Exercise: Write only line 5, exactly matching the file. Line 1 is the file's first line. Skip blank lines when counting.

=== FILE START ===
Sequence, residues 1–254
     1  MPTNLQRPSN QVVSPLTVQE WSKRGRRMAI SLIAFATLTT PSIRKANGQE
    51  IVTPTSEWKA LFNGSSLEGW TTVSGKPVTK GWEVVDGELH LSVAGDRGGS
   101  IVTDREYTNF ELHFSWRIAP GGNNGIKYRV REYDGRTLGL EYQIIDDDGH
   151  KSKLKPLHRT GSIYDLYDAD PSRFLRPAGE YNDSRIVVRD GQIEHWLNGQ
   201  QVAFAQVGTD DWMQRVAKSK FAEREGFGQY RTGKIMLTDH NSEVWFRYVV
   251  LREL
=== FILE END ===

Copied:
   151  KSKLKPLHRT GSIYDLYDAD PSRFLRPAGE YNDSRIVVRD GQIEHWLNGQ